Autumn comes as a shock sometimes. One week it’s summer, the next it’s gone. The air turns a certain kind of cold that carries on it a feeling of change and a natural sense of foreboding. Leaves begin to wither from their branches and litter the floor, a familiar rustling accompanies the whisper of the wind.
But each season carries a certain beauty, and autumn is no exception.
Its beauty is unique, a wild contrast to the vibrancy of spring, to the warmth of sunlight washing over the world again as landscapes explode with blossom.
Instead it brings a transformation of a different kind as greens turn to deep reds and subtle browns. A necessary decay.
It’s a reassuring comfort that the cycle of nature is constant, that seasons come and go, bad weather turns to good, after storms come calm.
Autumn is a time for reflection and forethought, to embrace the constant change.
Take a stroll through central London and it’s hard not to be struck by the layers of history that straddle the banks of the Thames. From Christopher Wren’s masterpiece at St.Paul’s Cathedral to the neo-futurist monolith of Renzo Piano’s The Shard, history and modernity sit side by side along a river that’s breathed life into the city for thousands of years.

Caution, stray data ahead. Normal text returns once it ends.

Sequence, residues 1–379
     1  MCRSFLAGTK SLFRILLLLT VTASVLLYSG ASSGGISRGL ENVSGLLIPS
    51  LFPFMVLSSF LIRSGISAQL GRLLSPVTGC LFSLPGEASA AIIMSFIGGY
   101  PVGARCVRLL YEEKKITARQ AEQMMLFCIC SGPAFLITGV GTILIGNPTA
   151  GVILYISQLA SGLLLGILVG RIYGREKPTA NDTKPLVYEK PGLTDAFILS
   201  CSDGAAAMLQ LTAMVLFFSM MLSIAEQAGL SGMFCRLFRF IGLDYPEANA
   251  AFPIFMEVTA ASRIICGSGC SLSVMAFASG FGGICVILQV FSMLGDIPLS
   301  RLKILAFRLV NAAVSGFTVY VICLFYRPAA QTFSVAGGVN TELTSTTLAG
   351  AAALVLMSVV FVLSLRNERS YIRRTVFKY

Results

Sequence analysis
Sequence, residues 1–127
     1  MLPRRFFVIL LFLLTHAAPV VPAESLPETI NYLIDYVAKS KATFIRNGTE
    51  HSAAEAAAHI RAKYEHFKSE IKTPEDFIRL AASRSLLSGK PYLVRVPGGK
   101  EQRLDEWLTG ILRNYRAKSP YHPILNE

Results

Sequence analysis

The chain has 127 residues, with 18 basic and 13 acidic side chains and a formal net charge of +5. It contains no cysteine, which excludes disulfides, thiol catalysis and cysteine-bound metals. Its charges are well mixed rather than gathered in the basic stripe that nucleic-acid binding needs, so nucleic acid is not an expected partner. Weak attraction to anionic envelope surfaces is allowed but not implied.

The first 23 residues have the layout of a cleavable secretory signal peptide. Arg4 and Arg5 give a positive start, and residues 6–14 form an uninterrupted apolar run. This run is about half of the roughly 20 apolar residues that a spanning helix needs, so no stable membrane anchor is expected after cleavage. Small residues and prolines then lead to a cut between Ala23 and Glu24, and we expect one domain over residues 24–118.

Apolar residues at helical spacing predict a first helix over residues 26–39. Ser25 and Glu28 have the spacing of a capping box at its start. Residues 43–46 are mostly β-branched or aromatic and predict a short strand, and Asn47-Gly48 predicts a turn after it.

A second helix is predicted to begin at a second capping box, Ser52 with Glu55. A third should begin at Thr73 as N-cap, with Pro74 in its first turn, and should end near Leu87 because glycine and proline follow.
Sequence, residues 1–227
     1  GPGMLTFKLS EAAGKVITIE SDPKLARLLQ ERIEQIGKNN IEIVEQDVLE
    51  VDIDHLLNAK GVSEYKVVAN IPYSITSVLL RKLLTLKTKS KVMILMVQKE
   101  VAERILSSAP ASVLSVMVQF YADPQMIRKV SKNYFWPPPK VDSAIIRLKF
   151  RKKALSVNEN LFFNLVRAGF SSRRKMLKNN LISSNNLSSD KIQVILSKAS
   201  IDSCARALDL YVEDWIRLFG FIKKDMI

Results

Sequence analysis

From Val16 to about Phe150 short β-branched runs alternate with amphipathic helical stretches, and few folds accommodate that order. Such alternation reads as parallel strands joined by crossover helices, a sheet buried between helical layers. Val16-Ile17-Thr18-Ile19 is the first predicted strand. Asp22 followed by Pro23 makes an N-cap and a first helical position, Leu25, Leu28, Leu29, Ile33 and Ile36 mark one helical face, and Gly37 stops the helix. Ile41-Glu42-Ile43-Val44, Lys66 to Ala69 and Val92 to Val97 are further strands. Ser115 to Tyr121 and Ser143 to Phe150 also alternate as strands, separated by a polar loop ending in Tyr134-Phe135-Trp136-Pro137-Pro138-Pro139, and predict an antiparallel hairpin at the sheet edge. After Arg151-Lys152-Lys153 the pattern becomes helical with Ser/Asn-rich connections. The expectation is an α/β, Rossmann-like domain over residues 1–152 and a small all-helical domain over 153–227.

Twenty-first century Londoners bustle through the iconic beheamoth of a city as a constant stream of tourists and visitors criss-cross the river on bridges old and new.
The Cordillera Huayhuash, a 30km long mountain range in Peru’s high Andean region of Ancash. The rugged landscape and it’s wild and unpredictable weather conditions is crowned by the high snow covered peaks of Yerupaja, Siula Grande, Jirishanca Yerupaja Chico and Rasac, all of which reach skywards at altitudes of over 6,000m, making it the second highest mountain range in the tropics.
Each year trekkers come in groups, or alone to complete the unforgiving 160km circuit of the range, where altitudes rarely dip below 4,000m. The tough but rewarding trek follows trails and small segments of old Inca road over high pass after high pass, through an Andean wilderness where condors soar high along the ridges and peaks in search of carrion, and wild horses graze in small herds.
Unlike the its much larger sibling to the north, the Cordillera Blanca, the Huayhuash range is not a national park. Small farming communities live among the many grass covered valleys, tending to livestock put out to pasture during the drier seasons and providing occasional supplies and refreshments to the trekkers and climbers that pass through the land.